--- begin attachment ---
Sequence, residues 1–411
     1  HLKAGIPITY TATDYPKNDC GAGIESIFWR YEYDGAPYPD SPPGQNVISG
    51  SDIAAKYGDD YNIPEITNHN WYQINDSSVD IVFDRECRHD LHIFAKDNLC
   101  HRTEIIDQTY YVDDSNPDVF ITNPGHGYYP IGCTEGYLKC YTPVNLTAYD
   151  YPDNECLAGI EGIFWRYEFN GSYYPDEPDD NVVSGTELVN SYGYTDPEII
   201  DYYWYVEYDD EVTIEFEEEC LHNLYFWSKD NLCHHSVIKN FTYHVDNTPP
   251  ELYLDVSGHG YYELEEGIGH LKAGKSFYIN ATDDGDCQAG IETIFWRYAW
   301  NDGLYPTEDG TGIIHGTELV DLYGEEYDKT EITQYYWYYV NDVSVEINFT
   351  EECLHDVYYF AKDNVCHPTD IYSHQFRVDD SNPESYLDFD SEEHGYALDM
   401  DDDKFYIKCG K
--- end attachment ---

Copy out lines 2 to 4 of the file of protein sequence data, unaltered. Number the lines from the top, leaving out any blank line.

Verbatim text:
     1  HLKAGIPITY TATDYPKNDC GAGIESIFWR YEYDGAPYPD SPPGQNVISG
    51  SDIAAKYGDD YNIPEITNHN WYQINDSSVD IVFDRECRHD LHIFAKDNLC
   101  HRTEIIDQTY YVDDSNPDVF ITNPGHGYYP IGCTEGYLKC YTPVNLTAYD